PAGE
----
Set to open in March in the Krog Street Market, Fred’s Meat & Bread will be the newest eatery by the General Muir team, chef Todd Ginsberg, Shelley Sweet, and Ben and Jennifer Johnson. Jonah Merrell, previously of Bacchanalia and Star Provisions, will be chef de cuisine. The 600-square-foot counter service restaurant will offer burgers, fries, and sandwiches, including po’ boys, cheesesteaks, and banh mi, with with meals averaging $10 or less.
“We really appreciate the program they put together at Krog,” says Ginsberg, formerly of Bocado. “It’s a lot of great locals who have been busting their hump for the past ten years.”
He shares his plans for Fred’s below.
Why did you decide it’s the right time to open another restaurant?
This is more about the opportunity than us actually looking for a new restaurant. We weren’t talking about a new concept or anything. Krog Street reached out to Ben. He brought it to our radar. I live in Grant Park. Shelley lived down the street. Inman Park is really fun. It’s a piece of history. The pool of talent is so huge that I’d be over there a lot anyway. It was super exciting.
I’ve been cooking sandwiches for seven or eight years now and I have two to three people who have been with me for four-and-a-half years and I feel very strongly about their sandwich-making abilities. I trust them. I’ll be there through the opening and then can be managing it from afar. The General Muir will stay the priority.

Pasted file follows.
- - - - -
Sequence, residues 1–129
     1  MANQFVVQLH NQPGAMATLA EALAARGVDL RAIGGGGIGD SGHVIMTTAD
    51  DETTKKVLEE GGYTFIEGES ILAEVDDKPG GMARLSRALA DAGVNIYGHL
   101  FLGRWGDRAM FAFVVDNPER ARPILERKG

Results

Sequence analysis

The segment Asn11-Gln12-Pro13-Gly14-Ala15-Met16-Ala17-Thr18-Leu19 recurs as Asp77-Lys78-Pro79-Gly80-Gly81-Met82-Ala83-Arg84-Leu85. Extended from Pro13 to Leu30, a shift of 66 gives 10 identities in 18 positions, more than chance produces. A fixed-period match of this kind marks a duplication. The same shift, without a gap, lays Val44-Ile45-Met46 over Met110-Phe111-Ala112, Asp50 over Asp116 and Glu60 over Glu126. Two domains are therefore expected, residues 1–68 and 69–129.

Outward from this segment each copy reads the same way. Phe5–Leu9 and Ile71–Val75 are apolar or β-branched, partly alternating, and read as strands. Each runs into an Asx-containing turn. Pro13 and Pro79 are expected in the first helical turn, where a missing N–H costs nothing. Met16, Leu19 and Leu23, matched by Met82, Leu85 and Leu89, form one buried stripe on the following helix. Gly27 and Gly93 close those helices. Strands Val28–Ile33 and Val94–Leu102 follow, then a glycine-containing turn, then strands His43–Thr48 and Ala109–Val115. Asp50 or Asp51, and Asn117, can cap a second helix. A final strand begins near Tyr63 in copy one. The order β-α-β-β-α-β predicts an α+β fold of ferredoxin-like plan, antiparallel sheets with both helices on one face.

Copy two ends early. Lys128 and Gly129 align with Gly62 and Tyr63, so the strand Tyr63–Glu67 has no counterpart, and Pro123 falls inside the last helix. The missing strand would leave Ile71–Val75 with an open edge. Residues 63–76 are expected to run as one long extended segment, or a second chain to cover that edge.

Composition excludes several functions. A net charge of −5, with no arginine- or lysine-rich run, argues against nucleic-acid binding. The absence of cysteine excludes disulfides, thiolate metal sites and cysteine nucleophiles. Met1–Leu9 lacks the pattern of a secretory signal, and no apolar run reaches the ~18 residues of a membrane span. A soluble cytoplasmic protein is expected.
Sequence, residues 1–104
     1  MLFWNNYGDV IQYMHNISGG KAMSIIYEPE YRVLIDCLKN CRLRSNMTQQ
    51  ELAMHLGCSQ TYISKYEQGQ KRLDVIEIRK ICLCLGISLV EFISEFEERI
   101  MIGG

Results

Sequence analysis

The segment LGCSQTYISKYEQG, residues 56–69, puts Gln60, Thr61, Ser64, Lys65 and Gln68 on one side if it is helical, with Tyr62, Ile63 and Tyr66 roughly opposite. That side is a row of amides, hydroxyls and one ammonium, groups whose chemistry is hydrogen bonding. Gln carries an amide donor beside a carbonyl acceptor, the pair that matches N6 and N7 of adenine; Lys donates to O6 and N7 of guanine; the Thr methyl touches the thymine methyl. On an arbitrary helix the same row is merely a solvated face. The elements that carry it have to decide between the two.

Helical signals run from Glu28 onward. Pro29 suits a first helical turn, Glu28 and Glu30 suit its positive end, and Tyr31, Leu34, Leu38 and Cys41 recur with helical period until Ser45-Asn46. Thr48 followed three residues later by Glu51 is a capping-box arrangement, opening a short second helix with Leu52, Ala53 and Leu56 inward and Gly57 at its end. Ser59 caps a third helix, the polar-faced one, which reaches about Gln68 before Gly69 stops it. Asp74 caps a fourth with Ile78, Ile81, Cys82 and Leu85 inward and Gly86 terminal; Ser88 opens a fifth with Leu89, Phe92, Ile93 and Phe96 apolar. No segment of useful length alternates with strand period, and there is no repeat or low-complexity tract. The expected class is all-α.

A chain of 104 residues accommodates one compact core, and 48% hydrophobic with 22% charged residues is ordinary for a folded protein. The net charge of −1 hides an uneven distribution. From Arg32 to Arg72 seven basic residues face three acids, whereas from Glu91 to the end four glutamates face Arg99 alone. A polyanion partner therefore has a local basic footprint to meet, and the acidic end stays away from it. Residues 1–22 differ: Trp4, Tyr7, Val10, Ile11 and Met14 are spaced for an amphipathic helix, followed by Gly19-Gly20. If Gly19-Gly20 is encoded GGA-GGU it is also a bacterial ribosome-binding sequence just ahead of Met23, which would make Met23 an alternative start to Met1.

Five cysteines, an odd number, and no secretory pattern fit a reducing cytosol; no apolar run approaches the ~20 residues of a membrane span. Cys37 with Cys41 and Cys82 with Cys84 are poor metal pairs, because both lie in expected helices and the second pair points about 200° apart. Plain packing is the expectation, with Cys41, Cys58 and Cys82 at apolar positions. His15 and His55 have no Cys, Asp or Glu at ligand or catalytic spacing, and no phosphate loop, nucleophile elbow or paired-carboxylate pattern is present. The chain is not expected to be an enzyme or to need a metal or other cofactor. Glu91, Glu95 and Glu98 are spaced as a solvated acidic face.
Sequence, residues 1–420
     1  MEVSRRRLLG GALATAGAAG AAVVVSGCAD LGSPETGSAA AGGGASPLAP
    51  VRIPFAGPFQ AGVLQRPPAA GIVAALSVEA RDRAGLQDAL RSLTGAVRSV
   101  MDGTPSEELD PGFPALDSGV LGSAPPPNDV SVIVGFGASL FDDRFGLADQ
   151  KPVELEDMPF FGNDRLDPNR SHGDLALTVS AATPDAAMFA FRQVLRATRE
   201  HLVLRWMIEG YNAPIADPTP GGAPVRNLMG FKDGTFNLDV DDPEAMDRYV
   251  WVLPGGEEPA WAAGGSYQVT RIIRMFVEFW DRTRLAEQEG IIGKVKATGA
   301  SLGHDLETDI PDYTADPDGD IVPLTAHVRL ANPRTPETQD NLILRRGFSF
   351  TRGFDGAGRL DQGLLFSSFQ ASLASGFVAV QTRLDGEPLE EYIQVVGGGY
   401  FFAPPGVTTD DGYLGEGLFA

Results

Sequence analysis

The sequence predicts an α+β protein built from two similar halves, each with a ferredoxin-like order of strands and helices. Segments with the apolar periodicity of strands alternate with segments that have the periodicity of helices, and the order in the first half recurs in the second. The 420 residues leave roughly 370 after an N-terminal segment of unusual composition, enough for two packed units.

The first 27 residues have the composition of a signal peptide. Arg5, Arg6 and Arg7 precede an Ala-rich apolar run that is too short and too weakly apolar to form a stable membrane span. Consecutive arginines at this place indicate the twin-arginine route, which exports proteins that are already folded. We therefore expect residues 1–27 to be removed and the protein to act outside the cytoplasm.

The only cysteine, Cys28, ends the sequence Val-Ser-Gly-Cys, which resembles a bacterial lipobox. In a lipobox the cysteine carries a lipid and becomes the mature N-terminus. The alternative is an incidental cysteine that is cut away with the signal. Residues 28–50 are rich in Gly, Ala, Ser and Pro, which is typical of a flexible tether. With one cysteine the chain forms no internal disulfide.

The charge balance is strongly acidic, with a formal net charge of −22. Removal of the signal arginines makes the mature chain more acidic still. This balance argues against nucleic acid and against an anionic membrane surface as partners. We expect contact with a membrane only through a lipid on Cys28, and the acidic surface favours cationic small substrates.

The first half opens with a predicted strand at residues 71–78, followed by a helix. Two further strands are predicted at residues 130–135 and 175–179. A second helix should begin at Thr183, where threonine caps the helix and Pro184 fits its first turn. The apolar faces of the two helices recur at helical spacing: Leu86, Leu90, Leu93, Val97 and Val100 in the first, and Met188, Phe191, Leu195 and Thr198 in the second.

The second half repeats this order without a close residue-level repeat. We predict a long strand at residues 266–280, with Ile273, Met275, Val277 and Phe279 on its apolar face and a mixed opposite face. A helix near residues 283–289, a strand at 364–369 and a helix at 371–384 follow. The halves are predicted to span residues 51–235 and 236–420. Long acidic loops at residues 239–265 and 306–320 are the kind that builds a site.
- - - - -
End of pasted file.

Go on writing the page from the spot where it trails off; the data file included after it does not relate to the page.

The space is the right size so we can streamline. We’ll have both new and classic sandwiches, consistently executed well.
What kind of sandwiches will be offered at Fred’s?
Burgers will definitely be over there. I wouldn’t mind seeing the Bocado burger with some extra salt and pepper appear on that menu. I want to do a great Philly cheesecake. Other than Woody’s, I don’t think there’s a great one in Atlanta. There will not be any deli.
We’ll probably have six sandwiches, a salad, some different styles of fries, and maybe a soup. It’s very small, very compact. There’s no walk-in so everything will be made fresh every morning.
Will you serve dinner as well as lunch?
We’ll be open for both lunch and dinner. It’s not really a brunch kind of atmosphere. I expect 11 a.m. to 1 p.m. Saturday and Sunday to be the peak time of the week, but I wouldn’t really call it brunch.
The Insomniac sandwich [steamed pastrami, two fried eggs, buttered and pressed rye, Russian dressing and American cheese] at the General Muir might make its way over there on weekends. We’ll have a couple of vegetarian options. Jonah Merrell, the chef de cuisine, has a lot of experience cooking that type of stuff. The cauliflower banh mi I made at Bocado will be on there for a while, too. I want to do a great po’ boy—maybe catfish or oysters or shrimp, maybe it alternates based on the season. The kitchen will be built around the burger and po’ boys.
What type of fries will you offer?
We’ll have pomme frites and several types of sauces and toppings, no poutine. We were originally thinking of an ode to the carnival, based around French fries and funnel cakes.
What will the decor be like?
The word ‘warm’ definitely comes to mind. There will be ten to twelve bar stools, so we’ll have counter service with a real operating counter. No alcohol.
Where does the name come from?
Frederick William Krog, who Krog Street was named for. It’s a nod to the time and place where the area developed. We wanted to do a sandwich shop and keep it simple, and Fred rhymes with meat and bread.
Anything else we should know?
I’m really excited about using the people and businesses inside of the market. We’ll use the Spotted Trotter’s hot dogs when we have a hot dog on the menu; if we do a really traditional banh mi, maybe we’ll use Grand Champion’s pulled pork.
We’re right behind Gu’s Dumplings. We talked about drilling a hole in the wall and spying on them to see how they make their fried eggplant, to sell at the General Muir on Mondays.